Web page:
Many are valuable evergreen foliage plants, others subtle flowering types. Contrary to popular myth there are Carex for all soil types, from shallow water to pure sand!
Carex are not true grasses but are a genus in the Family Cyperaceae. The easiest (but not foolproof) way to tell them from true grasses is that most members of the Cyperaceae have flower stems with a more-or-less triangular cross-section. Most true grasses have flower stems with a round, hollow, cross section.
Many Carex are used as evergreen groundcover or edging plants and many of the low growing, variegated forms originate in Japan where they have been used alongside Ophiopogon and Liriope in traditional Japanese gardens. There are also numerous fresh to deep green leafed forms, including British native species, that can fulfil a similar roll.
At the other end of the spectrum there are the mostly brown leafed species and forms from New Zealand. These will mostly need full sun but can take quite moist through to fairly dry soils. The limiting factor with most of these "dead sedges" with their evergreen (brown) leaves is that they are vulnerable to extreme cold in winter with many only hardy to -10oC.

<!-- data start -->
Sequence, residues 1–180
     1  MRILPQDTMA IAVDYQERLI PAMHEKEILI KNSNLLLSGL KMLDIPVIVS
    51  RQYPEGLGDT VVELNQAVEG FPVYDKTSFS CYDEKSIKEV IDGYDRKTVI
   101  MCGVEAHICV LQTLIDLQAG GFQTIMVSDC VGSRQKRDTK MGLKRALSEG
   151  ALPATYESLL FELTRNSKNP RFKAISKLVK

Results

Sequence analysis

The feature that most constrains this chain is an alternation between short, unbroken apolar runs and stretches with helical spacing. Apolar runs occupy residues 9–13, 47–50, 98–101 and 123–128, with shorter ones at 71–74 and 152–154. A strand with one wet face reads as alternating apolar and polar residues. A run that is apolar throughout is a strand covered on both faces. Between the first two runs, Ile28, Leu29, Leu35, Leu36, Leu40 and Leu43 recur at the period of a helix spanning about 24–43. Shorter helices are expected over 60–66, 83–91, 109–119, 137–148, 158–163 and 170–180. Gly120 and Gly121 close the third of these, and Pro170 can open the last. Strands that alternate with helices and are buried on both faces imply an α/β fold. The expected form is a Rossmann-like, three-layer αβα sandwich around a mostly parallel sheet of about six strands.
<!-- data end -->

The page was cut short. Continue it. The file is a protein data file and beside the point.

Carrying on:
A variable creamy yellow variegation lifts the grey-green foliage on this form of the native Black Sedge. Creeping tufts to 30cm high, but it never seems to make too much of itself. Good to moist sioil in sun or light shade.
A rare North American species related to C muskingumensis producing clumps of upright stems with bright green leaves arranged like a palm. Flower spikes are clusters of rounded spikelets up to 50cm although it grows much taller in its native habitat. Moist soil in sun.